Of the muslin nappies, after being used and washed daily, those from the cotton tablecloths all started wearing thin and tearing holes.  I mended a few to start with, but more holes kept appearing, so these eight have been retired.  Those from the linen tablecloth and the cotton flannel receiving blankets are still intact and usable.  Likewise, the terrycloth nappies--which were used daily with our older son for 15 months before moving on to the daughter--are looking somewhat ragged around the edges but are still in good enough condition to use.  We finally stopped using the woollen wraps as the Snappi broke when the daughter was about 10 months (and because we were close to our deadline for the transition to undies I decided not to buy another).  I experimented with pinning the wraps instead, but decided it was too time consuming for EC:  I couldn't get the pins out quickly enough for pottying.  So the woollen wraps were retired and we began using the PUL wraps which have Velcro tabs, with the pad fold as described previously.  This is still what we use for bedtime.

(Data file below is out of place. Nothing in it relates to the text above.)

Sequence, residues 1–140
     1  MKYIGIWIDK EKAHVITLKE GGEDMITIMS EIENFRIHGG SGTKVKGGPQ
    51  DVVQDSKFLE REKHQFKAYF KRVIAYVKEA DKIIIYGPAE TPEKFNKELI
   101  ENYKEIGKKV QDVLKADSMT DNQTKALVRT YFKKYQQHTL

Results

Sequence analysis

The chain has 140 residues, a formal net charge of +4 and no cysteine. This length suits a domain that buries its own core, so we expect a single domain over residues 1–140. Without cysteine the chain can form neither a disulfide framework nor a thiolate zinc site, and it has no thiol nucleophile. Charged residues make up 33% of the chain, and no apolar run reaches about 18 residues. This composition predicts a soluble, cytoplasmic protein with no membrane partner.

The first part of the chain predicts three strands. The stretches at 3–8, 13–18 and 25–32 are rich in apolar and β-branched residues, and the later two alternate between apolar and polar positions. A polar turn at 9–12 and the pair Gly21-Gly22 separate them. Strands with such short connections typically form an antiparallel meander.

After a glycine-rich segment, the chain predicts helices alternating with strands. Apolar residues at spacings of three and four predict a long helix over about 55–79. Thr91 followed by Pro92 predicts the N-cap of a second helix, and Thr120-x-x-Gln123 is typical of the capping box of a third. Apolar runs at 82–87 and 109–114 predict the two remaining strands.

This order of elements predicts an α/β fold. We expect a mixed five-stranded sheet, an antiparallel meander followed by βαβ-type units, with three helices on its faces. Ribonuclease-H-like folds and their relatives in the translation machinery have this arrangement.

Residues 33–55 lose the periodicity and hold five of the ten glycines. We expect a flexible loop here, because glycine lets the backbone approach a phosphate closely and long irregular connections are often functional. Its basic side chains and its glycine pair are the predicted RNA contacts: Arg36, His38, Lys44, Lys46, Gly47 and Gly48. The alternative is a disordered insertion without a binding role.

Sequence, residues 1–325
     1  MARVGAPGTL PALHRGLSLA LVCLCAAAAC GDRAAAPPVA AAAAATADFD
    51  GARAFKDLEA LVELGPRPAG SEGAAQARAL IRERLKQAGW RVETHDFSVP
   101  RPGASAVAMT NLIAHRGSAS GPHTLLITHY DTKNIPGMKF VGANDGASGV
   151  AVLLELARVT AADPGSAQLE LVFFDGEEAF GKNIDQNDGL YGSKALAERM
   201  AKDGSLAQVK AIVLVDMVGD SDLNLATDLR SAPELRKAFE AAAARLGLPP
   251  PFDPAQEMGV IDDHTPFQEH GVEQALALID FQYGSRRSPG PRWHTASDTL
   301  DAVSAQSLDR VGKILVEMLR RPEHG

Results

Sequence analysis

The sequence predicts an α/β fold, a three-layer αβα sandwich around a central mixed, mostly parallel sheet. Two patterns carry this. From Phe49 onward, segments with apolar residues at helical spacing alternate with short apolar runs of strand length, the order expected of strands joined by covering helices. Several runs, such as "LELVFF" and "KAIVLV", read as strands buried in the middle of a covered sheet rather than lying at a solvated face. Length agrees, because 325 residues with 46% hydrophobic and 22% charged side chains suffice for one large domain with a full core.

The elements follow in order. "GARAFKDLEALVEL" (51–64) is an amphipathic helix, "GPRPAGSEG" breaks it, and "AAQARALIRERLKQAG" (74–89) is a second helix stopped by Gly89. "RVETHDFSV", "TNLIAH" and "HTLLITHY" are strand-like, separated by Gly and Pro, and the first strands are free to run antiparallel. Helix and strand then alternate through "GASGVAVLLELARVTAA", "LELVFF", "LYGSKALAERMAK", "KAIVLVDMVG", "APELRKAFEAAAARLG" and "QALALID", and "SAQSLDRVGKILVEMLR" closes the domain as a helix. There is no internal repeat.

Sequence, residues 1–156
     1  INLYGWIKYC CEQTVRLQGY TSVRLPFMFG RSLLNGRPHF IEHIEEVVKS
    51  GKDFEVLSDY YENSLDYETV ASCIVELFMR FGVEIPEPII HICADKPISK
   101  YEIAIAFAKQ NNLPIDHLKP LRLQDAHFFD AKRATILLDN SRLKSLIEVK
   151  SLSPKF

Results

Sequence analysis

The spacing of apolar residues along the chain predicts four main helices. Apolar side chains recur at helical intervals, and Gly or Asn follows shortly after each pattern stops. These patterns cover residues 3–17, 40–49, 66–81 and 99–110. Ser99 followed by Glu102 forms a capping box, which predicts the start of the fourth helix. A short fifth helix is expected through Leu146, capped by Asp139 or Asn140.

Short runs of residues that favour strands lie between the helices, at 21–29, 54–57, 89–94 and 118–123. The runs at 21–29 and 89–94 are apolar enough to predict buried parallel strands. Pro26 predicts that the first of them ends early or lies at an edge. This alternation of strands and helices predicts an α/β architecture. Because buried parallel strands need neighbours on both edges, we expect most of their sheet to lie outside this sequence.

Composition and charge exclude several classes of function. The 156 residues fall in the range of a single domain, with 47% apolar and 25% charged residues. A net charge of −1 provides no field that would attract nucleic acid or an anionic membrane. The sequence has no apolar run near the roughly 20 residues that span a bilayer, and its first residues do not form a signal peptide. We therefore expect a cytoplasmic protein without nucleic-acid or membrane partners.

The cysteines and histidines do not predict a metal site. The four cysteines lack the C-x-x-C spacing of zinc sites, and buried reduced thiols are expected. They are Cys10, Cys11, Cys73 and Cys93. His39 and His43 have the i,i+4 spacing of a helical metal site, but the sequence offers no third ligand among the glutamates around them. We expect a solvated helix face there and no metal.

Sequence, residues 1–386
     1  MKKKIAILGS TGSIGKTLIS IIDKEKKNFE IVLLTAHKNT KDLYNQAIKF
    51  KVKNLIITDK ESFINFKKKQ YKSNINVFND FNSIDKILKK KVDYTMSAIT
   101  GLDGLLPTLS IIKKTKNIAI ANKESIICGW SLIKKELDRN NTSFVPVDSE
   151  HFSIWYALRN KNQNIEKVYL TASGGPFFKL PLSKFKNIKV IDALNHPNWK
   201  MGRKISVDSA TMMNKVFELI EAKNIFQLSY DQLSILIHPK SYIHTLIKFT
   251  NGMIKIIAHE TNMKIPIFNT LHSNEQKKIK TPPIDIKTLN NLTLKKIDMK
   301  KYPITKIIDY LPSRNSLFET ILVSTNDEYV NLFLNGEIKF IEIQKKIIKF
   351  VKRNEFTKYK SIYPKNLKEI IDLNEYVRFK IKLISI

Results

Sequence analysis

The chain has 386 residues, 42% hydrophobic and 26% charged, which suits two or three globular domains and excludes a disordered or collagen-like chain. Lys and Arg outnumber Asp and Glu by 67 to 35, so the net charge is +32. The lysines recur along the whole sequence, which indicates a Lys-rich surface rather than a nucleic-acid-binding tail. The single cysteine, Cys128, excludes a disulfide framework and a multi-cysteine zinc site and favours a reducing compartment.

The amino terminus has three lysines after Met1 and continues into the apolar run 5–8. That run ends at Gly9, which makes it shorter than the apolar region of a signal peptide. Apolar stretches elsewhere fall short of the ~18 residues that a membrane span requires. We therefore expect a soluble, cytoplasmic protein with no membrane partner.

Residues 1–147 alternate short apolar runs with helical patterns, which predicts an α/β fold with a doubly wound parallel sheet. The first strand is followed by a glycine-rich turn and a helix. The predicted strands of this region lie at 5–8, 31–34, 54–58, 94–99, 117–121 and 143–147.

This system has worked well for us, and has been very cheap;  it was in fact free!  The muslins are quick and easy to wash and dry--they are line dried weather permitting, or dried on indoor racks overnight;  the terrycloth nappies also dry fairly quickly (especially compared to the prefolds we have) but the muslin ones really take very little time.  I liked that everything was breathable and natural for baby's bottom, while still being dry enough for her outer clothing and bedding.  A few times I had to change bedding after a particularly wet night, but only rarely (and again, only wet not poo).  However, this was not just confined to the woollen wraps as it also happened once in a while with the PUL covers too--more a case of not wrapping thoroughtly/securely than a defect in the covers.